Novel Liquid Crystals Yield 22% Efficiency in Large-Scale Perovskite Solar Modules
Researchers achieved a record stabilized efficiency of 21% for solar modules
Researchers at Northwestern University have found that large-scale perovskite films, commonly used in solar technology, can be protected by liquid crystals that can respond to temperature change to avoid accumulating precipitation.
The new protection method achieved a stabilized efficiency of 21% for solar modules with enhanced damp heat stability, that is, 85% relative humidity at 85 degrees Celsius and a size of 31 sq cm. The earlier recorded efficiency was 19.5% for the highest certified stabilized aperture-area efficiency for perovskite solar modules exceeding 30 sq cm.
While organic-inorganic hybrid perovskite solar cells have shown promise in producing solar energy, they have only achieved an energy-to-power conversion efficiency of 26% in small samples. Scaling up perovskite solar cells to produce power at a larger scale has been hindered due to defects that arise from how the solutions are processed.
To combat this, a team of chemistry and engineering researchers at Northwestern University developed a method to accelerate the widespread industry adoption of perovskite solar cells.
In a study published in the Nature Energy journal, the researchers said they had developed a new material processing method to achieve uniform protection from defects on large-scale perovskite films, which achieved a record stabilized efficiency. They aimed to incorporate liquid crystals that homogenized and minimized defects of large perovskite films, yielding enhanced device performance. While extensive work has been done in bolstering perovskites to replace silicon, the usage of liquid crystals might represent significant progress.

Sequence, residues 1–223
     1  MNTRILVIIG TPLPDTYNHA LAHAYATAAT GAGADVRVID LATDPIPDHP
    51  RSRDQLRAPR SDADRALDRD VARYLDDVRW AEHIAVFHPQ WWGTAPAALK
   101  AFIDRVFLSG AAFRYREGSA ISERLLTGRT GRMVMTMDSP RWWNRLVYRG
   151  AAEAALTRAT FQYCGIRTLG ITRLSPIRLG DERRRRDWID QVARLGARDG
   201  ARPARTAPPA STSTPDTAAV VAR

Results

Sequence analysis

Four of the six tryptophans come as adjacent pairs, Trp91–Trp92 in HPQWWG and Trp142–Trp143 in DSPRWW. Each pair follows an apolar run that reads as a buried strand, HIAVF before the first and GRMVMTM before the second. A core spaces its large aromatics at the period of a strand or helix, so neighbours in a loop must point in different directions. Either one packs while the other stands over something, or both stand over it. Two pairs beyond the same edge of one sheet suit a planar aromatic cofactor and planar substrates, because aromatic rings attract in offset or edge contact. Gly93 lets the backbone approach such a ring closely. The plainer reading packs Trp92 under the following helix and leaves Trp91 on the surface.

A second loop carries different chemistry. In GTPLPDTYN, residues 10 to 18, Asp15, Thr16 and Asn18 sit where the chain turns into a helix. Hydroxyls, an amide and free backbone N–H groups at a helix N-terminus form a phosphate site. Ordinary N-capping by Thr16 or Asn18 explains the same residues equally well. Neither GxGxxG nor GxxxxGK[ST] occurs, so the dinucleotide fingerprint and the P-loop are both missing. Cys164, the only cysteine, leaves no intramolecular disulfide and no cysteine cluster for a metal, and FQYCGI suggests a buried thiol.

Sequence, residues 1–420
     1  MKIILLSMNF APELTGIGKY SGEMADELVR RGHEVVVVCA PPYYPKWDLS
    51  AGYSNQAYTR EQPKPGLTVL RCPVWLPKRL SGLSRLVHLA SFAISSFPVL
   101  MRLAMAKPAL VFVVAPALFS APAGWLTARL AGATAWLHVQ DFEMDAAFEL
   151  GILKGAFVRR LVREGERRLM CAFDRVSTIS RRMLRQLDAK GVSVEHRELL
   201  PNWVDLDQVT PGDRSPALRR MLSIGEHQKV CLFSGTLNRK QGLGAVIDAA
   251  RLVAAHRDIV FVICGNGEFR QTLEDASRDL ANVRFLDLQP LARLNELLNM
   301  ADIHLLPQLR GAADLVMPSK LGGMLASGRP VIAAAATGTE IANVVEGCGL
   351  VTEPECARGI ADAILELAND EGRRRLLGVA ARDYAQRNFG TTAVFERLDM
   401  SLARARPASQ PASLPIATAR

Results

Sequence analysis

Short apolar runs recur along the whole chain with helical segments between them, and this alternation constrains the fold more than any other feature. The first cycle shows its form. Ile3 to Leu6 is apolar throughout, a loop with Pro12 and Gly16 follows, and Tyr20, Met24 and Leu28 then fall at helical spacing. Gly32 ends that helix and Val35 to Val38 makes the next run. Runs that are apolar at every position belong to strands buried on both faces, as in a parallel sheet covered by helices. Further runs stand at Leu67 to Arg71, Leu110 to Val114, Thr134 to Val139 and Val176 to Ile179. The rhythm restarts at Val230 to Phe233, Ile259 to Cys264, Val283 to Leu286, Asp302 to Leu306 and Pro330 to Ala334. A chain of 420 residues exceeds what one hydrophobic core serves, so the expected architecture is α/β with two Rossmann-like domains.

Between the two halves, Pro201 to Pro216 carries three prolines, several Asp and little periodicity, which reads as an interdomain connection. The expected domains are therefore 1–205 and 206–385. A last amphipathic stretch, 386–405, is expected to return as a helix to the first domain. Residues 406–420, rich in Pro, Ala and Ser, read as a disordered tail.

“The liquid crystal strategy helps address a critical issue in the scale-up of perovskite solar cells, which demonstrates the potential for more efficient and stable solar energy generation on a larger scale, making it more robust for real-world applications,” said Yi Yang, a postdoctoral fellow, part of the researching team. It highlights the necessity for developing tailored solutions to minimize performance gaps in the scale-up process, she adds.
Prior research on liquid crystals used them as common additives in perovskite films but overlooked their ability to change with temperatures. This allowed for the regulation of crystal growth and prevented defects in large-area perovskite films, presenting potential for applications in the future.
“This methodology can be extended to the slot-die coating process, facilitating the production of larger-area perovskite submodules,” Yang said. “Exploring the functionality and phase structure of liquid crystal molecules presents an opportunity to enhance passivation effects and bolster device stability.”
Several new methods have been developed to improve the commercial utility of perovskite cells and improve their adoption across solar technology.
Last March, researchers at UK-based Swansea University established a low-cost and scalable carbon ink formulation with the potential for large-scale manufacturing of perovskite solar cells.
Early this year, a research team created tandem cells by combining silicon-based semiconductors with perovskites to make the cells last longer.